There is an old saying: “Good fences make good neighbors.” Having healthy boundaries in relationships is important for everyone, especially for people with a chronic condition like spondylitis. Setting and defending boundaries allows you to protect your physical and mental health and focus on feeling your best while living with inflammatory spine disease.
Setting boundaries can be hard. Your friends and family may not be used to you saying no or establishing limits for when and how you are available to them. They may expect you to have the same energy you had before you developed spondylitis and symptoms like fatigue or back and neck pain. No matter what, you are entitled to establish the boundaries you need to maintain your emotional and physical wellbeing. Setting boundaries to take care of yourself does not make you mean or selfish – it helps you focus on what you need to do to care for your spondylitis.
Here are a few tips for setting boundaries clearly and compassionately:
After setting boundaries, do not be surprised if you need to defend them. Some people will likely test your boundaries, especially when they are new. Expect some pushback and consider what a good response might be.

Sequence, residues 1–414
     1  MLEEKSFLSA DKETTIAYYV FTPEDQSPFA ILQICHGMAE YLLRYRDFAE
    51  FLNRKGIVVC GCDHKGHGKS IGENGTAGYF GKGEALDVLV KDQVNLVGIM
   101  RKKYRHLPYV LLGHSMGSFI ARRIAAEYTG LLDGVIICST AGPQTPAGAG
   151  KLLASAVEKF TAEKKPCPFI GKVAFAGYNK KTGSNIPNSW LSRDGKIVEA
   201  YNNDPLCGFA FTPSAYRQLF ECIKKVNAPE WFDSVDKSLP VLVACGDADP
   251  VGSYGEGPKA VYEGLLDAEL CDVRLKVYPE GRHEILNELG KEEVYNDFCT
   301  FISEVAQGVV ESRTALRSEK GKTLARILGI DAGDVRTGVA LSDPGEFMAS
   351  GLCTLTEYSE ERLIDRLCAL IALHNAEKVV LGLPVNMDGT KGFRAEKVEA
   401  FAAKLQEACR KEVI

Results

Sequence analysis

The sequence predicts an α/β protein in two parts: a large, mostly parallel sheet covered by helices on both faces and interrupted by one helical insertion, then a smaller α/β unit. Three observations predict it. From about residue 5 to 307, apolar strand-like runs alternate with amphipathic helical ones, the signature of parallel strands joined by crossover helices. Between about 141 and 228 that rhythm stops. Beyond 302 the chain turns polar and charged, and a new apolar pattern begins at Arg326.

Here are some examples of boundary testing and possible responses:
After testing your boundaries a few times, most people will understand that they are well-defended and learn to respect them. If you have allies who understand the challenges of spondylitis, ask them to help you defend your limits with others. Remember, you don’t need to apologize for setting good boundaries that help you stay healthy, manage your symptoms, and feel your best while living with spondylitis.
Here are some conversations from MySpondylitisTeam about setting and defending boundaries:
"My Big 3 G's: 1. I got a bunch of laundry done. 2. I got a deep and peaceful sleep. 3. I'm setting more boundaries with my son and husband - meaning, making them discuss stuff without putting me in the middle."
"It’s been a so-so few weeks and I’m struggling the best I can. Just so very tired all the time, but those around me don’t see any of it, or they are just so wrapped up in their own lives that they didn’t seem to care."
"Today was another bad day. But I have to admit I pushed myself and did a lot of work. I know I am really going to have bad stiffness for the next few days."
Have you successfully set boundaries that help you manage spondylitis?
What tips would you recommend to help set healthy limits with others?
Share in the comments below or directly on MySpondylitisTeam.
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